(Courtesy/Oregon Department of Transportation)

Oregonians who take Interstate 5 to and from northern Marion County may eventually spend less time in traffic as the state begins work this month on rebuilding the Aurora-Donald Interchange.

State Department of Transportation officials also say the project will lower the number of crashes on the interchange, which has seen hundreds in recent years.

Work on the area will begin mid-February, according to Vidal Francis, ODOT construction manager for the project. The rebuild is scheduled to be completed in 2025, with the first portion wrapping up in November.

The interchange was built around 60 years ago for much less traffic than exists now, and for years has been over capacity at peak times. Around 32,000 vehicles daily use the interchange or drive past its I-5 on- and off-ramps, according to ODOT's website.

Located on Exit 278, the interchange connects Northeast Bents and Ehlen roads, the latter being a "major east-west connector" for northern Marion County, said Anna Henson, interim area 3 manager for ODOT's northwest Oregon region.

ODOT has around $48 million set aside for the project and still needs another $34 million to finish the work, Henson said. That money could come out of Oregon’s allocation from the federal infrastructure bill Congress passed in 2021.

The state awarded $8.8 million to Salem-based contractor K&E Excavating for construction of the first part of the project, according to an ODOT briefing to the Mid-Willamette Valley Area Commission on Transportation.

Francis said ODOT has $10.9 million to complete that portion, the majority of it from federal funds.

The contractor will realign Northeast Bents Road to a 90-degree angle that aligns with Bents Court, allowing people driving off Bents Road better access to Ehlen Road without having to wait in traffic, he said. They will add a traffic signal at the new Bents-Ehlen intersection, and lengthen and widen the northbound offramp onto Ehlen Road.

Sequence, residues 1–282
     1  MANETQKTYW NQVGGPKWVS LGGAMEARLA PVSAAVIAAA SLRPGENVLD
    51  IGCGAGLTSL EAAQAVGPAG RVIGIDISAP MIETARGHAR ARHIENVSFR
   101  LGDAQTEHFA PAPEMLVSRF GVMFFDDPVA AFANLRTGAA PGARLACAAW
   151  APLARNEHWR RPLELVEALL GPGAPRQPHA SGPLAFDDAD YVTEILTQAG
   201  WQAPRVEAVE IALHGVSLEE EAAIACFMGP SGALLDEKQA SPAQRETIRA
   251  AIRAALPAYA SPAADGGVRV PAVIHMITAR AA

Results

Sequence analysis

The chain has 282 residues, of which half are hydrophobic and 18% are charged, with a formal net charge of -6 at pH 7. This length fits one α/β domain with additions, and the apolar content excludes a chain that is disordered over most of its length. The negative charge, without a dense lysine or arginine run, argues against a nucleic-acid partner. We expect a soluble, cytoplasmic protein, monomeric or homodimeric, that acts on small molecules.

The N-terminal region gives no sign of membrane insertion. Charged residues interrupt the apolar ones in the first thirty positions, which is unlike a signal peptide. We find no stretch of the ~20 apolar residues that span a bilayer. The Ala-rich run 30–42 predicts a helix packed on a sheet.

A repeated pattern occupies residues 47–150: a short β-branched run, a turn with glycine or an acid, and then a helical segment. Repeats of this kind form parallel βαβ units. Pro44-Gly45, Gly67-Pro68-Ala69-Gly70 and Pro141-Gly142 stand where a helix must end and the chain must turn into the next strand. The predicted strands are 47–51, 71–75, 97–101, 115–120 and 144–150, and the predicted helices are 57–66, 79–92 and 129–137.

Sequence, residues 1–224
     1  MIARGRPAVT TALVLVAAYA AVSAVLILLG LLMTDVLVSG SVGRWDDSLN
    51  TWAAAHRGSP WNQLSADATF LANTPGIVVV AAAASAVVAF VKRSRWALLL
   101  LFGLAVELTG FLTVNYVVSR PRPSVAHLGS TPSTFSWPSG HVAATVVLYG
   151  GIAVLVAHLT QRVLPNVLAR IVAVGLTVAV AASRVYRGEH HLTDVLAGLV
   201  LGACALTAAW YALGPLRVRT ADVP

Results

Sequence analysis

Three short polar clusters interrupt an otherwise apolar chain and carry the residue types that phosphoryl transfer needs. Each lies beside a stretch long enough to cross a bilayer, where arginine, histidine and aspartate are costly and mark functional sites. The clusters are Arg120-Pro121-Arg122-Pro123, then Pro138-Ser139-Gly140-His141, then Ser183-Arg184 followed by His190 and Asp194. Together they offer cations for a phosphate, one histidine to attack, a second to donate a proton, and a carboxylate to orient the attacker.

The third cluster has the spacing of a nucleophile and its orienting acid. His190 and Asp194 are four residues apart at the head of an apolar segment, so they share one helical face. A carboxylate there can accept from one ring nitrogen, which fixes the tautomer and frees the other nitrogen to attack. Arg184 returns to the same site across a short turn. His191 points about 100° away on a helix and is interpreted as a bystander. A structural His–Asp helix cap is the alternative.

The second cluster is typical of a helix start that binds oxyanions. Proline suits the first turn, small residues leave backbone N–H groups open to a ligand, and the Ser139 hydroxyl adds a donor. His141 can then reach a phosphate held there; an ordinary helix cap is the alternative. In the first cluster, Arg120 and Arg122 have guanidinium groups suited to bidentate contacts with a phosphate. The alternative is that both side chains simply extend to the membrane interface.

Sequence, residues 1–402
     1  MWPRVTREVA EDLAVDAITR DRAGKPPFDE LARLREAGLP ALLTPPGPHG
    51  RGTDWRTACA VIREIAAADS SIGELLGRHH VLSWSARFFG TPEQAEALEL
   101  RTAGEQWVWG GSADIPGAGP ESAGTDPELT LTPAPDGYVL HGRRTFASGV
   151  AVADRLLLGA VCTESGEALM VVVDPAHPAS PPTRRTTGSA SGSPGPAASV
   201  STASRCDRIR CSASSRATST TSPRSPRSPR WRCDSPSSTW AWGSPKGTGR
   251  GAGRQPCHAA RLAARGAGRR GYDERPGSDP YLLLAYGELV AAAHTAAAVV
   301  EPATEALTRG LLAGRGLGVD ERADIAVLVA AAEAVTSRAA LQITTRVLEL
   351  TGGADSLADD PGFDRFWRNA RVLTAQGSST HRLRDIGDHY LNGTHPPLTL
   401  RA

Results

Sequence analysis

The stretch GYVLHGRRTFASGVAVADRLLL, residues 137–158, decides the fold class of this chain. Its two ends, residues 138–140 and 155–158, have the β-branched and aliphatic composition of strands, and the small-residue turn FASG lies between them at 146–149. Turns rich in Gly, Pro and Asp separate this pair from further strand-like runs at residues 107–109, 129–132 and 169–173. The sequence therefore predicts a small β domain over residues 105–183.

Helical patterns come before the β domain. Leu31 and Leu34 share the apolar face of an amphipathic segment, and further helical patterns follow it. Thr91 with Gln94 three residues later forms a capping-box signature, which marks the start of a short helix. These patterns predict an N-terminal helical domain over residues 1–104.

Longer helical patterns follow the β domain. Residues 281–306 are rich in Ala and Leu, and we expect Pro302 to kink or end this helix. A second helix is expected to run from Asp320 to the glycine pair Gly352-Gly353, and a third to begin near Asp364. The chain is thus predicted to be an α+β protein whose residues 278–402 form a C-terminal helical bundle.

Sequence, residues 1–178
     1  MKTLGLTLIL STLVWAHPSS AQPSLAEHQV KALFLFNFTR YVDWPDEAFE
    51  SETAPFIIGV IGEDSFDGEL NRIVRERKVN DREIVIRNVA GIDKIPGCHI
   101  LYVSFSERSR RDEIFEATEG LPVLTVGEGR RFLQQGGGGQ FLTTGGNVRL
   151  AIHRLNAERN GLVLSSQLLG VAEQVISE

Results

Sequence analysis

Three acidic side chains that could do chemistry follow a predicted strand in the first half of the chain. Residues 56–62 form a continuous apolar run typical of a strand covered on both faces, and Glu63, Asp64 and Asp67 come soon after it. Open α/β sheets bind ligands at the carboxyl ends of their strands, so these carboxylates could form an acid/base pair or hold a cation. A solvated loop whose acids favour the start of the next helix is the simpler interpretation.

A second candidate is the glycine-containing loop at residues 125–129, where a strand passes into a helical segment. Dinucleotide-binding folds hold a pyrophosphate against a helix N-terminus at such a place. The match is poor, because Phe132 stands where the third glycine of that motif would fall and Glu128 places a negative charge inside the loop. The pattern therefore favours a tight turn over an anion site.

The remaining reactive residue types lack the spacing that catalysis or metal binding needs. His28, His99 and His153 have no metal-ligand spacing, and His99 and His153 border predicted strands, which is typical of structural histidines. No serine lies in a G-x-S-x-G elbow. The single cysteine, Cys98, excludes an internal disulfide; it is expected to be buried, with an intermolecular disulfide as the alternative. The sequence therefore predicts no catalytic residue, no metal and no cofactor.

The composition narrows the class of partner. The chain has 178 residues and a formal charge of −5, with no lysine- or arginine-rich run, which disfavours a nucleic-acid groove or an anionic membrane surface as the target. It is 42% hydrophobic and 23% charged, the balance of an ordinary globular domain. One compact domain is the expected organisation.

Francis said traffic backups on the northbound and southbound off-ramps are among the biggest issues that prompted its reconstruction.

The contractor will also build a sound wall by an RV Park on the east side of the highway to mitigate noise, he said.

Completion of the first part of the project is slated for Nov. 30, and Francis said he doesn’t anticipate it will have much impact, if any, on I-5 traffic.

ODOT will release the next portion for bid in 2023 after determining whether it can secure the remaining funds. Marion County Commissioner Kevin Cameron said in November that the Interchange is a location the county would prioritize federal infrastructure dollars for road work. 

The rest of the project - expected to be completed by 2025 - will consist of building a new I-5 bridge that will carry both northbound and southbound traffic over Ehlen Road, reconstructing the I-5 travel lanes to match the new bridge, lengthening and widening the southbound exit ramp and both entrance ramps, and realigning Dolores Way to a 90-degree angle to the east, Henson said.

They will construct a "diverging diamond interchange," a structure that will allow drivers to cross to the other side of the freeway and make free-flowing left turns onto I-5 with fewer stops.

There were 241 crashes from 2012 to 2016 in the area being reconstructed, with 93 being at ramp terminal intersections. An average of 48 crashes are reported every year on the interchange, more than twice the statewide average for rural, unsignalized intersections. No serious or fatal accidents have been reported at the state's other diverging diamond interchange, Fern Valley Interchange, on Exit 24 in southern Oregon since was reconstructed in 2016, according to a grant proposal.

Contact reporter Ardeshir Tabrizian: [email protected] or 503-929-3053.

JUST THE FACTS, FOR SALEM - We report on your community with care and depth, fairness and accuracy. Get local news that matters to you. Subscribe to Salem Reporter starting at $5 a month. Click I want to subscribe!